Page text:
• Alec Cook was convicted of multiple sexual assaults, stalking and choking women at the University of Wisconsin-Madison. Cook admitted to these charges at his sentencing hearing, stating “I’m sorry, I was wrong.”  The charges carried a possibility of 40 years in jail.  He was sentenced to three (2018, Wisconsin).
  • Michael Wysolovski admitted to keeping a 17-year-old teenage girl in sexual captivity for more than a year. When she was found, she was severely malnourished and been kept in a dog cage.  Her assailant plead guilty to first-degree cruelty toward a child and was sentenced to 8 months in jail, plus 10 years’ probation (2018, Georgia).

ENCORE, ENCORE!

Are you mad now? No?

Well, maybe you will be when I tell you that there are people sitting in jail right now, who have been sentenced to life in prison, for the following crimes:

  • Attempting to cash a stolen check
  • Possessing stolen wrenches
  • Siphoning gasoline from a truck
  • Shoplifting three belts from a department store
  • Taking an abusive stepfather’s gun from shared home

Consider also that the unfortunate ones below served more time that most of the rapists on the above list:

  • Gary Harrington served a 30-day jail sentence after collecting rainwater on his property. It was apparently a violation of a state law that says that all water is publicly owned, according to the 1925 Oregon law.
  • Ashley Huff spent a month in jail after she was accused of possession of methamphetamine when police found a suspicious spoon in her car. Turns out the residue was in fact sauce from a can of SpaghettiOs.
  • Lori Teel was summoned to appear in court after she forgot to return one Twilight book and two DVDs of the set Twilight: New Moon. When she failed to do that, a warrant was issued for her arrest and she was incarcerated for a night.
  • Tonya Ann Fowler didn’t like her unattractive police mugshot, so she called 911 to complain. She got arrested and had the chance to have a new mugshot before spending three days in custody.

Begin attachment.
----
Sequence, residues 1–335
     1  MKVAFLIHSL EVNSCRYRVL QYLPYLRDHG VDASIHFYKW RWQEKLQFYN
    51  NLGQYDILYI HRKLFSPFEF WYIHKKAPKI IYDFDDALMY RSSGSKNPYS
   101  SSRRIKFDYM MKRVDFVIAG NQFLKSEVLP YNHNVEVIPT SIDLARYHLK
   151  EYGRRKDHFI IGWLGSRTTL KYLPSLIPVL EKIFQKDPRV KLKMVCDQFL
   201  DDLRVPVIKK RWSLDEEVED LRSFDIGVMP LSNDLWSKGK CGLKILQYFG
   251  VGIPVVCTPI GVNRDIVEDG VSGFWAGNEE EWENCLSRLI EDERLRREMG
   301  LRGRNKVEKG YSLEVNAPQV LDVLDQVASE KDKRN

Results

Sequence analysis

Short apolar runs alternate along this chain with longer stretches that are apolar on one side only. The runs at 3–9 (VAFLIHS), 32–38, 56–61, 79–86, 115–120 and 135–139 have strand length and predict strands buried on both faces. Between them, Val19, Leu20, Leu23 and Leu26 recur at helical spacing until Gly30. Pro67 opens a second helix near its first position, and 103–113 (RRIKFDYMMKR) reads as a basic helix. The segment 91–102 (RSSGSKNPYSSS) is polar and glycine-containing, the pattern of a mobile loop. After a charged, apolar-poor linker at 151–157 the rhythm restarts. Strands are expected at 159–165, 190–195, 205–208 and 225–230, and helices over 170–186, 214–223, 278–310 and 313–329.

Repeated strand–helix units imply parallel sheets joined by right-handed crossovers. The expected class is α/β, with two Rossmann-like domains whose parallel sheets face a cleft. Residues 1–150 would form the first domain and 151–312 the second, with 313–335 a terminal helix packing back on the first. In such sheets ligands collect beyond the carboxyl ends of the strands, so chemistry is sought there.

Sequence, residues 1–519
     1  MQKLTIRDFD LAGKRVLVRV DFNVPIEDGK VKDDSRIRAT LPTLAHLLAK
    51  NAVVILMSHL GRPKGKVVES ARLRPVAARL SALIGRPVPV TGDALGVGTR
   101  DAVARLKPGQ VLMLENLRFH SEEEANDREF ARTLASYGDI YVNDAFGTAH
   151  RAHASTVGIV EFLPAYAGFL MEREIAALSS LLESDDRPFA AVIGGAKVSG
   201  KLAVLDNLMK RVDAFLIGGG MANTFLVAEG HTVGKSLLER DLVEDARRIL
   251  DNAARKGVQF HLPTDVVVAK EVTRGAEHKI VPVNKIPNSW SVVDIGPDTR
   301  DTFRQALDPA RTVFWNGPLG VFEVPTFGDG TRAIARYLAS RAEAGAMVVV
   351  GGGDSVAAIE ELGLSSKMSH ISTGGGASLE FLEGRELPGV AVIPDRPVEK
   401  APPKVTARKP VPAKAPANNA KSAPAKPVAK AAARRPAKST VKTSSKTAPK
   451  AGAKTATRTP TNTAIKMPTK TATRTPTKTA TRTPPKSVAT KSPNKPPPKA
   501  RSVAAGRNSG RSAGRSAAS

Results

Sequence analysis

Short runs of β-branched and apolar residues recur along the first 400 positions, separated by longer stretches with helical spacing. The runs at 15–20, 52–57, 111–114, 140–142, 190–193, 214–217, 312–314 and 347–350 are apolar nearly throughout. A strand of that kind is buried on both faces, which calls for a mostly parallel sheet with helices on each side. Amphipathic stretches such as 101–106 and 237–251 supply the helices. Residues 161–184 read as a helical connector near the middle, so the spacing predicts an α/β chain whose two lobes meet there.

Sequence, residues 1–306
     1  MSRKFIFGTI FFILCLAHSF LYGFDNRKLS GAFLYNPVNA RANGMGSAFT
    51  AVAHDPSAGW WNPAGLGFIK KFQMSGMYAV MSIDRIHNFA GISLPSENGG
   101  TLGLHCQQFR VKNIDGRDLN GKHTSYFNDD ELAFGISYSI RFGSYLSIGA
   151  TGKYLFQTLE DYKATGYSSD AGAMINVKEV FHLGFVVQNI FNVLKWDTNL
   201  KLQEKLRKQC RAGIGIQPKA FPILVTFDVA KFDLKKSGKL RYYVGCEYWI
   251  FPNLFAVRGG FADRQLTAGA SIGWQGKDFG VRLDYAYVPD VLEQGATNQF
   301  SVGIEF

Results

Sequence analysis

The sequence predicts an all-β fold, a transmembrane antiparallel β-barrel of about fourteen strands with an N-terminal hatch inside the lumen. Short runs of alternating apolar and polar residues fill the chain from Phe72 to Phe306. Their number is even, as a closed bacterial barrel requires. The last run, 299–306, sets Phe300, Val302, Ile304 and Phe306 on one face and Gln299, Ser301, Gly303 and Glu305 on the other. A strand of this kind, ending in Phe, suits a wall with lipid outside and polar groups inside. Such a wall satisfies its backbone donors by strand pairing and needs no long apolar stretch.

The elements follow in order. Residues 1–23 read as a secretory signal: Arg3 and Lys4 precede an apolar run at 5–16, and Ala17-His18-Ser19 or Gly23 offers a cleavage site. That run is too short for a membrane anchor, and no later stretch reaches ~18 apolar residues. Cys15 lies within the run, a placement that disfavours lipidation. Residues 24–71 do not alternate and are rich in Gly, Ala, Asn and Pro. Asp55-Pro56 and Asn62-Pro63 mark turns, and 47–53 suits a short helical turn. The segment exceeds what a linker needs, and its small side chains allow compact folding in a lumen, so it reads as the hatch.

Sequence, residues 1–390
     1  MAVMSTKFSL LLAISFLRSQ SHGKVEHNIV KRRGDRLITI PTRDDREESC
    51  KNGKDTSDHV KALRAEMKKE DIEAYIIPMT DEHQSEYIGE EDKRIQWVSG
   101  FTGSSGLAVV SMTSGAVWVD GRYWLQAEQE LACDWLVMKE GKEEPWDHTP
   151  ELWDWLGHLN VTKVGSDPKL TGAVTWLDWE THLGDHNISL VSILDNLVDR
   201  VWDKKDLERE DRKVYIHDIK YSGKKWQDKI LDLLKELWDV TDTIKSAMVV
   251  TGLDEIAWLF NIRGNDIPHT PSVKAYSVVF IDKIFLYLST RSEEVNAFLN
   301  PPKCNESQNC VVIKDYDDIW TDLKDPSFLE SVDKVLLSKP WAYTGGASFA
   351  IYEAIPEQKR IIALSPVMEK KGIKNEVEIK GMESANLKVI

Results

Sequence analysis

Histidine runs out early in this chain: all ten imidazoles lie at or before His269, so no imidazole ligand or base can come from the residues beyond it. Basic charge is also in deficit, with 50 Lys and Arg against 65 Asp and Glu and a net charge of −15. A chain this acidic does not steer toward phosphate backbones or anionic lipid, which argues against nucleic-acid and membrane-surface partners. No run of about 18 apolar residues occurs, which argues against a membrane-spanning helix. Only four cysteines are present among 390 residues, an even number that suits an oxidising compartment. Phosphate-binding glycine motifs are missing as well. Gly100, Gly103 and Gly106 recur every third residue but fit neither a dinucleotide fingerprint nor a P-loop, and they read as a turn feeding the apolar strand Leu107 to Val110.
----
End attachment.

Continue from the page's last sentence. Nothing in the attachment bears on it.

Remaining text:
Are you mad now? No?

Well then, I give up.

APPLAUSE

I’m Gorgeous

“I’m fat,” I say.

We’ve just made love…we are 55…we’ve been together for 36 years…we’re each other’s one and only lover…ever…

I was 110 pounds of long legs and silky hair when we met. I was gorgeous, but I didn’t know it.

We got married. We had kids. I was trim.

In my 40’s, for the first time in my life, I got fat. So fat, my breasts were abundant.

But I was fat.

I lost weight. I was, once again, slim. I was gorgeous.

Ten years passed.

I got fat again. Menopause and anti-depressants. Ten years older, crow’s feet and age spots.

Which is where I am today.

It’s okay.

Today, I love myself. I’m happy. I have a good marriage. My kids are doing well. My career is vibrant, and I make a good living. I’m talented and creative and…if you don’t mind a little padding, well…

I’m gorgeous.

Not because I’m slim, which is what he calls me, even though I’m not.

Not because I have exceptionally great skin, which I do.

Not because I can still turn a head. Which I can.

I’m gorgeous because I love, and I care, and I give and think and try.

I’m gorgeous because I love. I love. I LOVE.

It feels good.

“I’m fat,” I say as we make love. 165 pounds.

He doesn’t argue.

He’d like me thinner. I’d like that, too.

But still, I think, I’m gorgeous, even if I’m no longer his skinny little wife.

Knowing all the ways that I am, indeed, gorgeous, fills my soul with great joy.

I know.

It’s enough.

He loves me. He always will. He is my deepest and dearest and only love.

I am no longer slim. It’s unlikely I’ll ever weigh less than I do at this moment.

That will have to be okay for him. It’s okay for me.

I’m happy. I’m at peace.

So, I’m gorgeous.

The Soul-Crushing Job That Pays the Bills

When I was very young…like, seven…I told people I was going to go to Radcliffe. Which isn’t even a thing anymore. it’s what girls said when they meant, “Harvard.”

How sad we couldn’t just say, “Harvard.”

But it was in 1972. And I wanted to go there – hadn’t even read “Love Story” yet (which – spoiler alert – is a sack of poo girded in a crispy coat of Patriarchy). I just wanted a great – the BEST – education. So I could be who I wanted to be, whether or not there was a guy around to mansplain the world to me.

I was 8.

And then I realized I was good at school. Good enough, anyway, to get into a good-enough college, and a good-enough law school.